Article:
Sub-adult Dark Morph Swainson’s Hawk Photos

/, Swainson's Hawks/Sub-adult Dark Morph Swainson’s Hawk Photos

Sub-adult dark morph Swainson's Hawk from a distance, Box Elder County, UtahSub-adult dark morph Swainson’s Hawk from a distance – Nikon D500, f7.1, 1/1000, ISO 400, Nikkor 500mm VR with 1.4x TC, natural light

One year ago today I was up in northern Utah looking for birds to photograph, the sky was bright and the birds were plentiful. Among the birds I photographed were Short-eared and Burrowing Owls, a Great Blue Heron looking for prey in the sagebrush, Red-tailed Hawks and numerous Swainson’s Hawks.

There were light, intermediate and dark morph Swainson’s Hawks that I could easily photograph from inside a vehicle using it as a mobile blind, they often perch on the fence posts along side of the road and early in the spring seem less skittish than the other hawks I come across here in Utah. All of the Swainson’s I photographed the first day of May last year were adults except for what I believe was a sub-adult dark morph Swainson’s Hawk and I thought that hawk was a real beauty. I’m not sure why I haven’t posted photos of this particular bird before but I wanted to do that this morning.

I photographed it from a distance at first and noticed the light colored feathers on its head, neck and breast, typically I don’t see those in an adult dark morph Swainson’s Hawk (see examples here and here).

Sub-adult dark morph Swainson's Hawk on a May morning, Box Elder County, UtahSub-adult dark morph Swainson’s Hawk on a May morning – Nikon D500, f7.1, 1/1250, ISO 400, -0.3 EV, Nikkor 500mm VR with 1.4x TC, natural light

In the spring I see far more adult Swainson’s Hawks than I do sub-adults, in fact my sightings of sub-adults are few and far between this time of the year. I read somewhere that some sub-adult Swainson’s stay on their wintering grounds in South America rather than making the long migration to their breeding grounds and that could be why I see fewer of the sub-adults here in Utah, Idaho and Montana during the spring.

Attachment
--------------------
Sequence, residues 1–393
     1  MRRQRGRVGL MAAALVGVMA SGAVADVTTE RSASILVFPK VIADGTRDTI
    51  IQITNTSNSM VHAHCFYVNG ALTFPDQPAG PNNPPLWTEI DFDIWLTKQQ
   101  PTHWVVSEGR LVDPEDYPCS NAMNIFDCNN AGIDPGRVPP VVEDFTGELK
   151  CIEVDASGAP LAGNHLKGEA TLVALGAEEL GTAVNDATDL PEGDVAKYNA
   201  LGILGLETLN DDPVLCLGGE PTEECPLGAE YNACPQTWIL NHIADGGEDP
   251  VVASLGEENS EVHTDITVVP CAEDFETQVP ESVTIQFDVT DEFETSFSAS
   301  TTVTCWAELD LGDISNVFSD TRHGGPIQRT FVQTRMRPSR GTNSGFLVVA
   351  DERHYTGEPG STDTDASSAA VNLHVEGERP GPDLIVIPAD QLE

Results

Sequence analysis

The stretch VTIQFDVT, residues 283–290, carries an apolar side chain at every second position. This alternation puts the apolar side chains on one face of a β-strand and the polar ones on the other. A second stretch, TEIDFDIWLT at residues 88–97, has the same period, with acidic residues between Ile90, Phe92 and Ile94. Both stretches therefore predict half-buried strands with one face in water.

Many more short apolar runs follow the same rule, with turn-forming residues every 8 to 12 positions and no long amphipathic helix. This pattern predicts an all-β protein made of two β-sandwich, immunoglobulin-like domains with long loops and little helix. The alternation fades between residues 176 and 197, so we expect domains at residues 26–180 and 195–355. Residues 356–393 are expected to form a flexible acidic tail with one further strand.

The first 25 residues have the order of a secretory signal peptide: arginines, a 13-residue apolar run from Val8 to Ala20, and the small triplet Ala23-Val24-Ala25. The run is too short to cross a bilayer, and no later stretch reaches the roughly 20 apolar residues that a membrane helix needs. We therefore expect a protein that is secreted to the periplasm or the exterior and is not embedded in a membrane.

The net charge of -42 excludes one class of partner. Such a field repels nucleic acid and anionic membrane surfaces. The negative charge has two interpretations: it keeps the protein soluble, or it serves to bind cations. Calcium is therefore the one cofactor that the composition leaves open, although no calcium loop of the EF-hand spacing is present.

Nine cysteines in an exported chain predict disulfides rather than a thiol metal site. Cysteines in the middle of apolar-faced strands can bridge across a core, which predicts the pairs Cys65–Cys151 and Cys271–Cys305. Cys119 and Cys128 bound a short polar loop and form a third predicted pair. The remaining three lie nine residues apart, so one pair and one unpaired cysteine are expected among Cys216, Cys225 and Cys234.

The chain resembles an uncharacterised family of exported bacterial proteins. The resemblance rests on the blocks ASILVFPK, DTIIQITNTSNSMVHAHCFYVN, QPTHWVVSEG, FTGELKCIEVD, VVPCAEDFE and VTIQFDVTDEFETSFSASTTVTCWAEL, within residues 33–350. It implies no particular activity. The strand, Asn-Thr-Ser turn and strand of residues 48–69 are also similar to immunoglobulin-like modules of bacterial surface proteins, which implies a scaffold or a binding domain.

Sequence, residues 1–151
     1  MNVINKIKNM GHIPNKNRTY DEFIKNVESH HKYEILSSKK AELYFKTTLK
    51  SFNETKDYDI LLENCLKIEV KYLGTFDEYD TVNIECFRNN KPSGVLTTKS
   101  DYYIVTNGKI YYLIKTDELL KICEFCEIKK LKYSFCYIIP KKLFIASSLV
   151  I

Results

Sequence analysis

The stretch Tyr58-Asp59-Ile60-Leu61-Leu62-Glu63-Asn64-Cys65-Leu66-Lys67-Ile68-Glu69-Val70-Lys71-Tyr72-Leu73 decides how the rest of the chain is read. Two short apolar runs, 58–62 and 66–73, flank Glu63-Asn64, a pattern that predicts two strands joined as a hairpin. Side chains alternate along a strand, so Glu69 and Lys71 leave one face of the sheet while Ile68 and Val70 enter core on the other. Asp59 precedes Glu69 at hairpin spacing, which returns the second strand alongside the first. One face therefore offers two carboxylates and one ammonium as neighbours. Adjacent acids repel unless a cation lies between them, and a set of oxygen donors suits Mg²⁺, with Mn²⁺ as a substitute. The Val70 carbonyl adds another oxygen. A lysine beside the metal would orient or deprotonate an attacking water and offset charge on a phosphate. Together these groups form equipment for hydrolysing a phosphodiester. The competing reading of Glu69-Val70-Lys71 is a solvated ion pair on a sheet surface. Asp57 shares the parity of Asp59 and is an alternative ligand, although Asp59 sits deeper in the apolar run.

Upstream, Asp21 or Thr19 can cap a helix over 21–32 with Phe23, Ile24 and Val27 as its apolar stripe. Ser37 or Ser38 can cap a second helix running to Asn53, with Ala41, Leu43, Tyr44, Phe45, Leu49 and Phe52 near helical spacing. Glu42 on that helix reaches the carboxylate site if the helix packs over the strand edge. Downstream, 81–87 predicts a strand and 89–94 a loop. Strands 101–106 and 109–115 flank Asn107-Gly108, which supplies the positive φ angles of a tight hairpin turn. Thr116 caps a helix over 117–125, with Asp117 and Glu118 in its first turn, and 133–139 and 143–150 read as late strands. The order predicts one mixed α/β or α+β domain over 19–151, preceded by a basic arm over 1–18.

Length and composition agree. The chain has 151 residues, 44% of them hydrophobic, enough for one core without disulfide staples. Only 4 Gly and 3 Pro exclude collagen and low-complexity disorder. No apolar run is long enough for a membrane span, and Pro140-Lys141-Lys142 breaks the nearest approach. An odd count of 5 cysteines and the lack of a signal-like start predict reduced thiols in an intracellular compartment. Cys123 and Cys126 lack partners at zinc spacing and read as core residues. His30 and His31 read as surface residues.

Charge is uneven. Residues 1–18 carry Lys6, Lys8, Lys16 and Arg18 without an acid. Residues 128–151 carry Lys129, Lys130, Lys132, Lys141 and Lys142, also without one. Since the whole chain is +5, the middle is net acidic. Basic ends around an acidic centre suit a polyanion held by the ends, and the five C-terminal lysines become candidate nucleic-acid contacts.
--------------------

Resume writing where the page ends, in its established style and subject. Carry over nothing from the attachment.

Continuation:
Rousing sub-adult dark morph Swainson's Hawk, Box Elder County, UtahRousing sub-adult dark morph Swainson’s Hawk – Nikon D500, f7.1, 1/1250, ISO 400, -0.3 EV, Nikkor 500mm VR with 1.4x TC, natural light

The Swainson’s Hawk was very cooperative and I was able to take a nice long series of images of it as it looked around and roused after defecating. I’m also happy that it was perched on an old, gnarly and weather worn juniper fence post rather than an ugly metal post. Wooden posts, especially old ones, are just more pleasing to my eyes.

Side view of a sub-adult dark morph Swainson's Hawk, Box Elder County, UtahSide view of a sub-adult dark morph Swainson’s Hawk – Nikon D500, f7.1, 1/1250, ISO 400, -0.3 EV, Nikkor 500mm VR with 1.4x TC, natural light

I see and photograph plenty of light and intermediate morph Swainson’s Hawks but in my experience have noted that I come across fewer of the dark morphs so I am always happy when I can look through my viewfinder and focus on their dark beauty.

Life is good.

Mia

PS: If I am incorrect about this being a sub-adult I don’t mind being corrected.

5 Comments

  1. Elephants Child May 1, 2018 at 2:12 pm

    Oh my. Oh my, oh my, oh my.

  2. Patty Chadwick May 1, 2018 at 10:58 am

    Love both bird and perch…especially the first image…I’ m a sucker for weathered wood ..

  3. Ricardo Bitran May 1, 2018 at 7:32 am

    These are gorgeous photos Mia: well composed, nicely lit, sharp, and with a soft homogeneous background. Well done.

  4. KathyGrahek May 1, 2018 at 6:16 am

    Beautiful photographs! It is a beautiful bird. I have a great fondness for raptors…I’ve never seen a Swainson’s…don’t know if they migrate east to Wisconsin. I think this species has a ‘soft’ look, or perhaps a more gentle look would be correct, about it like the Rough-Legged Hawks we get here. They ‘prey’ but look gentle about it…

  5. Bob mcpherson May 1, 2018 at 6:11 am

    Nice photos, Mia

Comments are closed.